Another theory for AMD pathogenesis includes genetic defects. A variety of genes have been suggested. For example, some investigators recently reported a genetic defect in a gene encoding a retinal rod protein, the ABCR gene, which has also been found to be defective in Stargardt's disease.11 However, there have been other recent publications suggesting that the ABCR mutations might not be linked to AMD.1213 There have also been recent reports of a genetic association between AMD and apolipoprotein E, a protein that has a role in central nervous system lipid homeostasis.1415 Investigators are studying other hereditary dystrophies with some features similar to AMD, such as Doyne's honeycomb retinal dystrophy and Sorsby's dystrophy. Genetic research in AMD is clearly in its infancy and the ophthalmic community can look forward to many new developments in this field.

    Another pathogenic theory involves primary vascular changes in the choroid, which then secondarily affect the RPE and lead to AMD. Specifically, it is theorised that lipid deposition in sclera and Bruch's membrane leads to scleral stiffening and impaired choroidal perfusion, which would in turn adversely affect metabolic transport function of the retinal pigment epithelium.1617 The impaired RPE cannot metabolise and transport material shed from the photoreceptors, leading to accumulation of metabolic debris and drusen.1617 This theory is supported by studies demonstrating an association between increased scleral rigidity and AMD.18 Proponents note that the vascular model could account for development of both the non-exudative and exudative forms of AMD. According to this vascular model, there is a generalised stiffening and increase in resistance, not only in the choroidal vasculature, but also in the cerebral vasculature.1617If the choroidal resistance increases more that the cerebral vascular resistance, there is a decrease in choroidal perfusion with an increase in the osmotic gradient against which the RPE must pump, leading to an accumulation of metabolic debris in the form of drusen. If the choroidal resistance increases less than the cerebral vascular resistance, there is higher choroidal perfusion pressure, which facilitates CNVM. This mechanism could partially account for the development of CNVM in the presence of Bruch's membrane cracks that result from senescence, as described above, and this explanation may partially unify these theories.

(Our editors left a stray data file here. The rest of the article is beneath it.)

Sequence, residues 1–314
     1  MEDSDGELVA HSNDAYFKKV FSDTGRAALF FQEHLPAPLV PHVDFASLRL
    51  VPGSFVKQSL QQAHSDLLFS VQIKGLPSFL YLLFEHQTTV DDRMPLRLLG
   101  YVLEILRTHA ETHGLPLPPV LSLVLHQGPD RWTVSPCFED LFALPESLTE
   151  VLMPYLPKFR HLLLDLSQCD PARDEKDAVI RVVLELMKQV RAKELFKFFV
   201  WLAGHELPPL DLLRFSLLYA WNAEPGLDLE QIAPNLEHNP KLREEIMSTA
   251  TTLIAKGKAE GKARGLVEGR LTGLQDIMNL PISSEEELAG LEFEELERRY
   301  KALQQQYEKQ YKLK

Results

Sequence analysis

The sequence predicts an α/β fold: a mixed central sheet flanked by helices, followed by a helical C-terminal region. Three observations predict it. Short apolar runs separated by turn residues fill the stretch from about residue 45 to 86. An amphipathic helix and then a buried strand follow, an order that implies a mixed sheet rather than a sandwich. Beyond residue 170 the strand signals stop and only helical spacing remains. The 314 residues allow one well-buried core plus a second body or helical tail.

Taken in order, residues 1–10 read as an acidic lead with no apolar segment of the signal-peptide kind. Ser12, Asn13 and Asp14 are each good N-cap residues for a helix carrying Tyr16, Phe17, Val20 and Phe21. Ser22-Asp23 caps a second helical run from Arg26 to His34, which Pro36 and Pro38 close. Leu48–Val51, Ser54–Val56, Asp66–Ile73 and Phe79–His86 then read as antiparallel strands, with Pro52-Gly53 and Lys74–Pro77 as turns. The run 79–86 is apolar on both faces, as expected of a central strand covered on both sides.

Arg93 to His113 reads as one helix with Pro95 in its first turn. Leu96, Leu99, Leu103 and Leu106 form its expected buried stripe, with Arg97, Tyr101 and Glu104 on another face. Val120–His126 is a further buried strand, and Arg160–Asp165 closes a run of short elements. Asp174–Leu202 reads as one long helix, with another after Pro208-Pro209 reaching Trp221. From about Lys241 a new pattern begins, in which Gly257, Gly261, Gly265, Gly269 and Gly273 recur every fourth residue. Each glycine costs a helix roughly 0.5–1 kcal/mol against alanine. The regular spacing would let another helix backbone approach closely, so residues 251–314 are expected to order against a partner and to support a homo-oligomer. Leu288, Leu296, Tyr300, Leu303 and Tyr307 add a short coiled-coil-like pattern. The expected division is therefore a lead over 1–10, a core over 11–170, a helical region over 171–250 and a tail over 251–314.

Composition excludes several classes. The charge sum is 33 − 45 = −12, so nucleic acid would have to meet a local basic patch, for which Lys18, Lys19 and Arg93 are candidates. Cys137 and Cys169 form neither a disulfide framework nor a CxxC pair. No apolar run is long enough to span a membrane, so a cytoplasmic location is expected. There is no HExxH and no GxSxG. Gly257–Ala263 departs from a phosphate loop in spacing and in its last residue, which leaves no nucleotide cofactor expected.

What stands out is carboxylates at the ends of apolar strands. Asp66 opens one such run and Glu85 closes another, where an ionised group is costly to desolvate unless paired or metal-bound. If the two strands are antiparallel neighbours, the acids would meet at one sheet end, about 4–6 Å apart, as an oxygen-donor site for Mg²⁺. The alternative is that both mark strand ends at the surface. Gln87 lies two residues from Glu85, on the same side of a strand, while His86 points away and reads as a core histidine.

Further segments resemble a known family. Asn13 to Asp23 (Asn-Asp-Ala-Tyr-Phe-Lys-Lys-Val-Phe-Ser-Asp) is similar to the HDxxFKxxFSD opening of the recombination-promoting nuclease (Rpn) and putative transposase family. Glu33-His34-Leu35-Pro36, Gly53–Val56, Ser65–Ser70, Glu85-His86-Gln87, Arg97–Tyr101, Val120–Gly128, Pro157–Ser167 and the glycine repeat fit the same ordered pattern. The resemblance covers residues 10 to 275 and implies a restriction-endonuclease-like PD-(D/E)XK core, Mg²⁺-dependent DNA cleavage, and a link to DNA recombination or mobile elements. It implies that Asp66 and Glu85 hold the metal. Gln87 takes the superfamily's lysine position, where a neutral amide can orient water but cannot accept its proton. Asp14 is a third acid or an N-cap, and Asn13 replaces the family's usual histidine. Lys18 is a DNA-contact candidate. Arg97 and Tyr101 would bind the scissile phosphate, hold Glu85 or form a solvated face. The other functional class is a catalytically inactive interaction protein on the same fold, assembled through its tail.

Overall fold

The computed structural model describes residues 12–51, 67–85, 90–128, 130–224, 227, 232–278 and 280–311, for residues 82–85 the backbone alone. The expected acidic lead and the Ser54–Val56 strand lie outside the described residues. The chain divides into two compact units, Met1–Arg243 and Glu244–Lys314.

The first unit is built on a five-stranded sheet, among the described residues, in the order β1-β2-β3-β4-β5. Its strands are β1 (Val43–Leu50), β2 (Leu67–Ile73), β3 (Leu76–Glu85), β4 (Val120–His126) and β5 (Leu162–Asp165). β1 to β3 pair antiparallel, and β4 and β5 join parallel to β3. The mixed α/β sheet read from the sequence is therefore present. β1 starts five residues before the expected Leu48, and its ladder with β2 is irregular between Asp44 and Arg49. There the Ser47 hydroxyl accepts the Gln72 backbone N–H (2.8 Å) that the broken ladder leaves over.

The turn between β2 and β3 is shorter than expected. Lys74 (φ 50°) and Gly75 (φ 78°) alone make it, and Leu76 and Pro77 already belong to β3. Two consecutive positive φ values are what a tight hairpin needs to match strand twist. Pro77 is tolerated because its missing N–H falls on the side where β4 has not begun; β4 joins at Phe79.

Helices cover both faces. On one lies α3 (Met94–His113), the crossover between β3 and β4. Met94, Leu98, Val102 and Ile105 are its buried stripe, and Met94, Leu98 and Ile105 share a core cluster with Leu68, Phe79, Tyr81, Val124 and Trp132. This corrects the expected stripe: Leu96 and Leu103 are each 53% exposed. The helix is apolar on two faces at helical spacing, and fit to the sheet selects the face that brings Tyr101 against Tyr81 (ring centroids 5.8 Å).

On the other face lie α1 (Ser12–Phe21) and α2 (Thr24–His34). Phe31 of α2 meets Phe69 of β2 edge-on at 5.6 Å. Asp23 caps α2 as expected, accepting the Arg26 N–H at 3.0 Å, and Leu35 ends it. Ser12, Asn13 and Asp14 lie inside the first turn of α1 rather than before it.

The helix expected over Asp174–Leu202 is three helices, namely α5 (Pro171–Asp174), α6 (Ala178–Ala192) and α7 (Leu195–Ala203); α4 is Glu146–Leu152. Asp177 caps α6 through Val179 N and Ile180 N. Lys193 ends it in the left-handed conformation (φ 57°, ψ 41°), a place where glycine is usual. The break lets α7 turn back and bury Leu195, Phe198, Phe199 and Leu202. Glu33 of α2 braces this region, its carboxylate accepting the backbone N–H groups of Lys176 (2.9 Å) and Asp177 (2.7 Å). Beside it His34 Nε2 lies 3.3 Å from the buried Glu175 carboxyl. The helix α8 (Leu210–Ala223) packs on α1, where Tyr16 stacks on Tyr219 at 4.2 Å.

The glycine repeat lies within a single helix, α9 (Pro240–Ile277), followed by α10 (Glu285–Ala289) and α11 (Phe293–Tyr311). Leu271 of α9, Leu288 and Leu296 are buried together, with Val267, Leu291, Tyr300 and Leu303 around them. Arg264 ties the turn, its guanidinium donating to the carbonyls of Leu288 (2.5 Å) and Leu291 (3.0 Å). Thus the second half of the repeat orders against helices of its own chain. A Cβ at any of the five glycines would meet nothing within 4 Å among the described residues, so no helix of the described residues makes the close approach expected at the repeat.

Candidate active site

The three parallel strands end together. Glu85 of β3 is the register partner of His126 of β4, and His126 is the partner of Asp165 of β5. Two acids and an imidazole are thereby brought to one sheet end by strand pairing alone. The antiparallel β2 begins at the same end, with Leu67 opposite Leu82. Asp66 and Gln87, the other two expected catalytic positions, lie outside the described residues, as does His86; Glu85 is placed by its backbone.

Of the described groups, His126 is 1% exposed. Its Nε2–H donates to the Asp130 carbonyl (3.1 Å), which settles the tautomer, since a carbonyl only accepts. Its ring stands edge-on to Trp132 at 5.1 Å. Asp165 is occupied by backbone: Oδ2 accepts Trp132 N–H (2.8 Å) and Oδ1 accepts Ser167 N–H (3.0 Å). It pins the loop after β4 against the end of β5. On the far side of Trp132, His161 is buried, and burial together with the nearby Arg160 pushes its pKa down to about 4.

The vascular theory is also supported by studies demonstrating delayed choroidal filling in AMD using conventional angiographic techniques,19-21 laser Doppler flowmetry,22 colour Doppler imaging,161723 and ICG angiography.24 The study of Mori and others corroborates and amplifies these findings using a different technique. Consequently, there is no doubt that choroidal perfusion abnormalities exist in AMD. However, at the present time, it is not possible to determine if these choroidal perfusion abnormalities have a causative role in non-exudative AMD, if they are simply an association with another primary alteration, such as a primary RPE defect or a genetic defect at the photoreceptor level, or if they are more strongly associated with one particular form of this heterogeneous disease. Clearly, future progress in developing effective treatment strategies for this devastating disorder hinges on a better understanding of disease development.

    Acknowledgments

    Supported by an unrestricted grant from Research to Prevent Blindness, Inc, New York. Dr Ciulla is a recipient of a career development award from Research to Prevent Blindness, Inc, New York.